Top tips for getting started with the new computing curriculum

Computing used to be taught by simply teaching the pupils how to switch on their computer and how to use simple office applications. However, from September 2014, this is now required to be embedded across the curriculum to make room for the teaching of Computer Science and Digital Literacy in dedicated Computing sessions.
A lot of different opinions about what should be taught as part of the new Computing curriculum are being discussed throughout the education community and to wade through all of this is a massive undertaking. Therefore we are delighted to share some top tips on the computing curriculum from Rob Whitehouse, Samsung Digital Academy e-Learning Specialist. Here are his top tips to help you with the new computing curriculum.

  1. Start Simple
    To read through all of the different forums, resource banks and schemes for everyone’s opinion on how to teach this new curriculum would be a load of work and would take up so much time and would probably only confuse you further. Start simple by reading the Quick Start Computing ‘Computing at Schools guides’ for primary and secondary school teachers.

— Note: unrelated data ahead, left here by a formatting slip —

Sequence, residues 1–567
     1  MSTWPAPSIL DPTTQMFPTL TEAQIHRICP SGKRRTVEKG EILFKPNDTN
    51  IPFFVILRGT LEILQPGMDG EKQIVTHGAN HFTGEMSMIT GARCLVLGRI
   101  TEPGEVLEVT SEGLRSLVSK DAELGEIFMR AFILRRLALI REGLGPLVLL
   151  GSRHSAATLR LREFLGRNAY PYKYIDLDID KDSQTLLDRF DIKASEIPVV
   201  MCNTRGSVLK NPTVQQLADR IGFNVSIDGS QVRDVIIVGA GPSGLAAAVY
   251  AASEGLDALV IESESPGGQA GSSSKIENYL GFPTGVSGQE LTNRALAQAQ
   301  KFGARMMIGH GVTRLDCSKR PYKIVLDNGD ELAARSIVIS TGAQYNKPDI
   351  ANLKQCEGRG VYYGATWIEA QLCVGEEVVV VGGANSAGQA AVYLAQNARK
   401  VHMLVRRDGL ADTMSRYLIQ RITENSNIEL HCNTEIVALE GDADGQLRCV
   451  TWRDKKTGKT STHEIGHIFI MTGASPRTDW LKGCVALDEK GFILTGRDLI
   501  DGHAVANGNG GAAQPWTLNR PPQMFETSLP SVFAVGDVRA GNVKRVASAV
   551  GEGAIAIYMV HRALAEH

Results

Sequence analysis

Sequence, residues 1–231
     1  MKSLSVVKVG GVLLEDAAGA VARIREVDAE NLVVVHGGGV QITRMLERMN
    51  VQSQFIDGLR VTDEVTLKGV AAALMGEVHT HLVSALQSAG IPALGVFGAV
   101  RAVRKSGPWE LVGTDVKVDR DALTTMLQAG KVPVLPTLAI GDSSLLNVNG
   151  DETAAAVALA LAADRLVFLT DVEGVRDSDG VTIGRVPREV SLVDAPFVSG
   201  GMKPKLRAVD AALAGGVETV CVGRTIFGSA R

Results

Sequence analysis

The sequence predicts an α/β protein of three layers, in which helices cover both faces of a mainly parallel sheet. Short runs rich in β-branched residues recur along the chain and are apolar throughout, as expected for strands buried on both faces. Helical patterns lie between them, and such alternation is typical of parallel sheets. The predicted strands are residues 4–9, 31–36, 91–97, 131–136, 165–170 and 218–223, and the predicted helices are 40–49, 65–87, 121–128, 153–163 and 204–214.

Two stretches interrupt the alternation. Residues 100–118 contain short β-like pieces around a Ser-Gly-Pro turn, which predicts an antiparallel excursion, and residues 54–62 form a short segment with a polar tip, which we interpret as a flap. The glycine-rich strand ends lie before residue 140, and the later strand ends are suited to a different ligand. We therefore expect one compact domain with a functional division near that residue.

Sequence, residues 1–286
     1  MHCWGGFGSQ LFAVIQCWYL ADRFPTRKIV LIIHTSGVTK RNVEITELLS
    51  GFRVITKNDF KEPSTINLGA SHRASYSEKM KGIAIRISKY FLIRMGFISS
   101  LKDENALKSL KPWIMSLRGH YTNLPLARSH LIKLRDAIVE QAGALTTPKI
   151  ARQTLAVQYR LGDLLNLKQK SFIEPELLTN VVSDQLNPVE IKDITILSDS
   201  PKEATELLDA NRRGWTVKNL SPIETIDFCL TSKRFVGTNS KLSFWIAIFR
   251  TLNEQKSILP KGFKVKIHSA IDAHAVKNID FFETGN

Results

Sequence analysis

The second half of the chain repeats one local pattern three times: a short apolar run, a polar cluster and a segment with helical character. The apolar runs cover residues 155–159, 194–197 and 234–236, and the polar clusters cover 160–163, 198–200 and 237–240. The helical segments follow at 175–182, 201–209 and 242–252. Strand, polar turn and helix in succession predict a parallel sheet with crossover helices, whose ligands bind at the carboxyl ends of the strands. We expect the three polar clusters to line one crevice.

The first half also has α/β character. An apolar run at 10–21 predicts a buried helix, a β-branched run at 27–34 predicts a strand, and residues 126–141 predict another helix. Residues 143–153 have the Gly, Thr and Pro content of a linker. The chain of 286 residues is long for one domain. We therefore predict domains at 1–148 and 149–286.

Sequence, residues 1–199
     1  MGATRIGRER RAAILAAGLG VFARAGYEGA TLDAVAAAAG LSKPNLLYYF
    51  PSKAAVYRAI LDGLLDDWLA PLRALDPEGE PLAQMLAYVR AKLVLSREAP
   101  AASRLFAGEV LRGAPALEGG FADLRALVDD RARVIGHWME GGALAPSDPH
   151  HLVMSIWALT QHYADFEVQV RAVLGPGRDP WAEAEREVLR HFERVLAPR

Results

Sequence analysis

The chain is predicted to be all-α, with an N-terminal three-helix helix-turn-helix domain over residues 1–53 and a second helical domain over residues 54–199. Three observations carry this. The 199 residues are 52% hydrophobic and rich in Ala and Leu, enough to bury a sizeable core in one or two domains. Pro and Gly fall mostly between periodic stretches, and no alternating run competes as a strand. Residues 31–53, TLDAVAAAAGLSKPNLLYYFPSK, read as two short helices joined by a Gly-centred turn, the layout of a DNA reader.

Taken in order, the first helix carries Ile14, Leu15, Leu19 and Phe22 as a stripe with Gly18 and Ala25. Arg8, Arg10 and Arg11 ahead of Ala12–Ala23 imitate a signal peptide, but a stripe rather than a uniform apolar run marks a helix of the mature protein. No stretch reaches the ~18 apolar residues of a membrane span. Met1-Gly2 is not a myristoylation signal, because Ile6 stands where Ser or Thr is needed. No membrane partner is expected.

2. Just teach the basics
    Teachers can sometimes feel pressured to teach pupils everything in their lessons, when it just isn’t practical. Your task is to help them learn the basics and, if they choose to do so, they can then choose Computing for further study.
  3. You don’t need to be a professional programmer!
    There are many things to help you and your students, for example there are many different online platforms and apps for learning to program. These platforms and apps will guide your learners step-by-step. Let your stronger learners lead the way and utilise them in your classroom.
  4. It’s not all about computers
    Learning about computing can be done even with exercises that don’t necessarily involve a computer. There are many ‘unplugged’ activities that you can use to teach the subject. Check out csunplugged.org for loads of free activities.
  5. Be prepared for teething problems
    Changing the nation’s understanding of Computing will not happen overnight, so be prepared for a huge disparity in skills and knowledge for the next year or two. Until the new computing is embedded into the curriculum, there are going to be some teething problems when it comes to learning. Some of the pupils won’t know anything about computing so you will need to be prepared for every level of learner.

If you would be interested in attending one of our future computing workshops for free then please register your interest here.

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